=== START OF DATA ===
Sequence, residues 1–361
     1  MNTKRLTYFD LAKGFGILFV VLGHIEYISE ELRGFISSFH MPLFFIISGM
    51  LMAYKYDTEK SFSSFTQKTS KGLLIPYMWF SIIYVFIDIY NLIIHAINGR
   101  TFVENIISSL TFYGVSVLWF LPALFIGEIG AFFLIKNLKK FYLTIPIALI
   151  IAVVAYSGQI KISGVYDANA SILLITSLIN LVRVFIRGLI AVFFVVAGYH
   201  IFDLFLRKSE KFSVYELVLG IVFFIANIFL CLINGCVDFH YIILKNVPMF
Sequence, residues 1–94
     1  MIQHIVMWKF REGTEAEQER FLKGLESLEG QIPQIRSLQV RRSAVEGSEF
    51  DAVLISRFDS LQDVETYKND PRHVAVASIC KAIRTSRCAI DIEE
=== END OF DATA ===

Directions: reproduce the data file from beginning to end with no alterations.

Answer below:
Sequence, residues 1–361
     1  MNTKRLTYFD LAKGFGILFV VLGHIEYISE ELRGFISSFH MPLFFIISGM
    51  LMAYKYDTEK SFSSFTQKTS KGLLIPYMWF SIIYVFIDIY NLIIHAINGR
   101  TFVENIISSL TFYGVSVLWF LPALFIGEIG AFFLIKNLKK FYLTIPIALI
   151  IAVVAYSGQI KISGVYDANA SILLITSLIN LVRVFIRGLI AVFFVVAGYH
   201  IFDLFLRKSE KFSVYELVLG IVFFIANIFL CLINGCVDFH YIILKNVPMF
Sequence, residues 1–94
     1  MIQHIVMWKF REGTEAEQER FLKGLESLEG QIPQIRSLQV RRSAVEGSEF
    51  DAVLISRFDS LQDVETYKND PRHVAVASIC KAIRTSRCAI DIEE